"Our enemy are Taliban, they're not a mystery; we know exactly what Taliban wants if they come back in power into Afghanistan," Jawad said.
The Taliban is using that drug money to buy weapons to fight NATO troops and push Afghanistan back under oppressive rule.
"Isolate the country, deprive Afghan women, most of the Afghan citizens from their basic rights, shut down the doors of the schools and clinics and healthcare to a majority of the Afghans, so how can afghans go back to these kind of days," Jawad said.
Afghanistan welcomes an international troop surge, Jawad said. He also believes the narcotics problem should also be fought through development.
"If you are able to find a market for the legitimate crop, they will switch, nobody in the world want to be a criminal, but if they have to feed their family, they will do whatever it takes," Jawad said.
More and more Afghan farmers are switching from poppy crops to alternative crops. A September 2008 report from the U.S. Department of State said poppy cultivation is down by 19 percent from 2007. It is a stunning change, which the State Department said, "reversed the trend of record poppy growth over the past two years and expanded the number of poppy-free provinces from 13 to 18 of Afghanistan's 34 provinces.
"Basically Northern Afghanistan and Eastern Afghanistan is poppy-free and we would like to continue this momentum," Jawad said.
The battle to eradicate poppy crops was left up to Afghan troops until now, but in a major development, NATO announced in October its troops will target Afghanistan's opium trade directly, for the first time ever.
"In the areas where the terrorists are mostly active in the south, particularly in Helmand Province, we have more challenges with narcotics," Jawad said.
Afghanistan is a narco state in the south of the country; and it's lawless, there's corruption, there's Taliban involvement," former Bush administration official Thomas Schweich said. "I'm very, very pleased now to see the military authorities are recognizing that the only way they can defeat the Taliban is by helping to defeat the drug trade."
Schweich wrote an article for the New York Times in July 2008, raising the question: "Is Afghanistan a Narco state?" he served as U.S. coordinator for counternarcotics and justice reform in Afghanistan.
"My problem is that the area where you're seeing so much poppy production and where the drugs really do dominate the economy is the area where President Karzai has his power base," Schweich said. "I don't think he personally is profiting from the drug trade, but I do think he doesn't want to make any waves and he has prevented effective counter-narcotics action in that part of the country."
"He's wrong to blame this on a particular individual or a particular institution, it is a comprehensive problem that needs a comprehensive approach; it could not be solved by blaming a person or trying to carry out a personal crusade," Jawad said.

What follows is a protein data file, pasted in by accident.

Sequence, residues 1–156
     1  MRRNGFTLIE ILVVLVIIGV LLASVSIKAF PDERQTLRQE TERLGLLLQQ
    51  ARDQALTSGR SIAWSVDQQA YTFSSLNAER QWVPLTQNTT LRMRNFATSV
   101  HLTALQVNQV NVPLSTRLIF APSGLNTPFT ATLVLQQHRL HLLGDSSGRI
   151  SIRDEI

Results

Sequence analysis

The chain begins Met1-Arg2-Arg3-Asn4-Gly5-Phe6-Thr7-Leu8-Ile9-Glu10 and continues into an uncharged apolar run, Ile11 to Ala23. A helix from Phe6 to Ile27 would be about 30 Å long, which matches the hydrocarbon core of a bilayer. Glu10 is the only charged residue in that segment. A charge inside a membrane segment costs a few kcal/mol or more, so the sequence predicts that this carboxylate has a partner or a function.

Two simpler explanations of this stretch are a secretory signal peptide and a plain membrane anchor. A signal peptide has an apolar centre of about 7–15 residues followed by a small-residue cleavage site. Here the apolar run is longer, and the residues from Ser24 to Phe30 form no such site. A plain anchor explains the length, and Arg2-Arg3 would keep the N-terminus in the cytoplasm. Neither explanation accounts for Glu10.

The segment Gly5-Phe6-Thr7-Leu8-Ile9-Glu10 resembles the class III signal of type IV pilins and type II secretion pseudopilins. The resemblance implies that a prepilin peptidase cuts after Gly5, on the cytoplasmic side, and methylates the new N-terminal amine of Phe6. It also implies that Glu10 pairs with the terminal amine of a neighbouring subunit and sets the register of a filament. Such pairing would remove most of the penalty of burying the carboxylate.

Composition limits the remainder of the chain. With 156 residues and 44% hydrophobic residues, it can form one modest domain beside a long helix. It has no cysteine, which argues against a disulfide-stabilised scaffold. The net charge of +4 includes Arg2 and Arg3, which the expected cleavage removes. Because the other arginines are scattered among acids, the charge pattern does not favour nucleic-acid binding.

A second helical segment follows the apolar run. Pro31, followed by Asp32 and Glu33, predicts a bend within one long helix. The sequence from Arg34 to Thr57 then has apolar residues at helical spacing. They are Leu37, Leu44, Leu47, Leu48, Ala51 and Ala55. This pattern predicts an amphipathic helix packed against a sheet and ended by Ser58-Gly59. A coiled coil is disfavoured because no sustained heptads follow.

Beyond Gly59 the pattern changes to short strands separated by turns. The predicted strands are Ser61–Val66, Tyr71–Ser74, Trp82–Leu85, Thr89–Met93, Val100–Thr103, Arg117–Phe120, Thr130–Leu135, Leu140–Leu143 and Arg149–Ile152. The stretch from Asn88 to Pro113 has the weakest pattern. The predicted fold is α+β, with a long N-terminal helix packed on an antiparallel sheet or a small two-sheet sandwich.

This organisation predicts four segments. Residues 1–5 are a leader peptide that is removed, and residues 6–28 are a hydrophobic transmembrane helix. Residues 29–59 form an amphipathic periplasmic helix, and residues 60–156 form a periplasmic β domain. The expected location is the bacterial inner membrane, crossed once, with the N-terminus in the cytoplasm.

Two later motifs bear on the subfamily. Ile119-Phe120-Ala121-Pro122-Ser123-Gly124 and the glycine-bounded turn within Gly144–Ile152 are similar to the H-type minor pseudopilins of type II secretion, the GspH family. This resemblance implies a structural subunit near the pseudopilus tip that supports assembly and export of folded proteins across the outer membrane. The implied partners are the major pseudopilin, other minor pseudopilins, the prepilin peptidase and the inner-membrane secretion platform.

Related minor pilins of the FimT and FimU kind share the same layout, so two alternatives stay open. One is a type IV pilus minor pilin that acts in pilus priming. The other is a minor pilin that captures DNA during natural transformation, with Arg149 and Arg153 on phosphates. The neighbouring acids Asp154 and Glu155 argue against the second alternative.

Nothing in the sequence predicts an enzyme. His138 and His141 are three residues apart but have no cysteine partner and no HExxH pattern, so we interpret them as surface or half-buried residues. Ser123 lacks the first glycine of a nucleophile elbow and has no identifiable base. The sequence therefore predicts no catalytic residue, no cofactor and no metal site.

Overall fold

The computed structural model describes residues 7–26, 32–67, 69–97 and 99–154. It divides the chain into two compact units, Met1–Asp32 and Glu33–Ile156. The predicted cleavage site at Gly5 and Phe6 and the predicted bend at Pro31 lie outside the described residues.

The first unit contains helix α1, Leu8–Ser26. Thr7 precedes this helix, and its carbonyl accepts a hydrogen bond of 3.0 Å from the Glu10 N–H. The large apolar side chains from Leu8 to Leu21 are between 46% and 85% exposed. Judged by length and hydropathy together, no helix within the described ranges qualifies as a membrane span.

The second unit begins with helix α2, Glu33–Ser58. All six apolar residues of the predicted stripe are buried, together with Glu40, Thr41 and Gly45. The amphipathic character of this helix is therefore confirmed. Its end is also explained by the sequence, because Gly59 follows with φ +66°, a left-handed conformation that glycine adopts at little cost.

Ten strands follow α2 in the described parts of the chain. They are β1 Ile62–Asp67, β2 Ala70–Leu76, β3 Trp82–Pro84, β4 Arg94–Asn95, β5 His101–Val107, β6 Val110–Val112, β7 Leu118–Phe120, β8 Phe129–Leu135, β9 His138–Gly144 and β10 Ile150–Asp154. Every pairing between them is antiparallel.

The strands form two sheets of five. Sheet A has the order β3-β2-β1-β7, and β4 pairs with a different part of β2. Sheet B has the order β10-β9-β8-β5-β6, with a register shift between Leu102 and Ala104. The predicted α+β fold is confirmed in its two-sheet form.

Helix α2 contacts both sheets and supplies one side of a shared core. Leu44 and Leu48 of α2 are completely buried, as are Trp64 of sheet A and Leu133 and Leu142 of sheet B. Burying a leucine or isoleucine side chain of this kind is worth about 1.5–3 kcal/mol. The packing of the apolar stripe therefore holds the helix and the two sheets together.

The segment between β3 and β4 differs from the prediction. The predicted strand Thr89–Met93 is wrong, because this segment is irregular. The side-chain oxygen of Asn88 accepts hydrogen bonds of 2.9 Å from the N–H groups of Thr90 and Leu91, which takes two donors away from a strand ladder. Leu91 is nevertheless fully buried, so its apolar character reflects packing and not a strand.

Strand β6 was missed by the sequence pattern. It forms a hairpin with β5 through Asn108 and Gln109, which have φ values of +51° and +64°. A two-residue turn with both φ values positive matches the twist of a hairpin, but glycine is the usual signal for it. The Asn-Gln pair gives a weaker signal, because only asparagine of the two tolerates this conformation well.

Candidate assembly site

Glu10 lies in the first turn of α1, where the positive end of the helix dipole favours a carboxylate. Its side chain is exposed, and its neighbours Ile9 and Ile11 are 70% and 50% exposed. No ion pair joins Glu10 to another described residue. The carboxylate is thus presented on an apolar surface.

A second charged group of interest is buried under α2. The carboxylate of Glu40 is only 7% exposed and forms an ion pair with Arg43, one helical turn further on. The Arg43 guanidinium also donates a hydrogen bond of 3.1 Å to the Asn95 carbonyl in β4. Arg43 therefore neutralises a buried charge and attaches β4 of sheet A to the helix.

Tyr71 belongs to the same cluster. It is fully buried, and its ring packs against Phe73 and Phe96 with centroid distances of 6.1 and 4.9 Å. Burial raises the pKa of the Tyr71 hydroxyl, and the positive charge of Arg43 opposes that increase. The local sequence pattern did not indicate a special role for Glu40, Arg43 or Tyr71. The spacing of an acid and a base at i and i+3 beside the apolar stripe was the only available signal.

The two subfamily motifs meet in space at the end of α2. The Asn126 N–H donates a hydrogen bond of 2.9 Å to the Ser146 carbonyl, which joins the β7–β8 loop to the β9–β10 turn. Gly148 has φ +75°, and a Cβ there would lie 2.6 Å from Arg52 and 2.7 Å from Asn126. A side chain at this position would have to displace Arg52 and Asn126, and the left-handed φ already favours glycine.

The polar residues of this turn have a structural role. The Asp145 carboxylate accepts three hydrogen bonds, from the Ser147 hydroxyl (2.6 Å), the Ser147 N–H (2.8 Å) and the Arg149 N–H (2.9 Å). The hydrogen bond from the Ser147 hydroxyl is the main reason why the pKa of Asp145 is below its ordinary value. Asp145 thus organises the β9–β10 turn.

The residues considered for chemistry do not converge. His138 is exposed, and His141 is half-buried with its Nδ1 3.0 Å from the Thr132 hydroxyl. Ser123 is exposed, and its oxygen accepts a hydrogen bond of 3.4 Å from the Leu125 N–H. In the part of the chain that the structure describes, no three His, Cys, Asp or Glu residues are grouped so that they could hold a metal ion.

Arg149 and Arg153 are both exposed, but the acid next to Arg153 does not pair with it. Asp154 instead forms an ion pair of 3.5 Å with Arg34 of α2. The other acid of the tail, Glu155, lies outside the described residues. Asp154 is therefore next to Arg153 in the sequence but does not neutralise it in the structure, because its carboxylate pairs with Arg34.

Afghan President Hamid Karzai has always denied that he and his family are linked to the drug trade. His Web site lists an ambitious plan for Afghanistan's recovery and future development, which includes "the elimination of the trade in illegal narcotics."
President Karzai recently spoke at a united nations general assembly in New York, at a conference called "Culture of Peace."
"There is nothing more important than the elimination of the scourge of extremism, xenophobia and hatred, which can only be possible through dialogue and cooperation," Karzai said.
"The fact is, it is a complicated fight and there is no silver bullet solution," Jawad said.
According to a September 2008 State Department statement, "the government of Afghanistan is committed to carrying out a more robust counter-narcotics campaign for the coming year, including taking vigorous anti-corruption measures and arresting and prosecuting high-value drug kingpin targets."
There are those who wonder why the world should help Afghanistan become a peaceful, successful democratic country.
"The obvious reason is the 9/11 attackers based all their operations out of Afghanistan, many of the other terrorist attacks that occurred since then in Europe and elsewhere were perpetrated by people who were trained in Afghanistan," Schweich said. "As long as that remains a lawless area of the country where extremism in any form can thrive, it's a threat to all western nations."
But the country is changing dramatically from the days when the Taliban ruled and women were completely absent from the streets and political life. "Today there are 17 privately owned television stations, there are women who have stations broadcasting for women only, 27 percent of Afghan parliament members of the Afghan parliament are women," Jawad said. "Six million children are going back to school, an important investment for the future of Afghanistan and the regions of the world."
Jawad and his wife, Shamim, came to San Francisco from Washington recently to see the extraordinary exhibit of artifacts from Afghanistan at the Asian Art Museum. It was an upbeat moment for a couple living in two worlds, as they continue to raise awareness to help their troubled homeland.
"Even if some of our friends in the international community feel underwater and will try to give up on Afghanistan, the Afghan people will certainly not give up on their country; they have come a long way, they will continue their struggle and we will win for sure," Jawad said.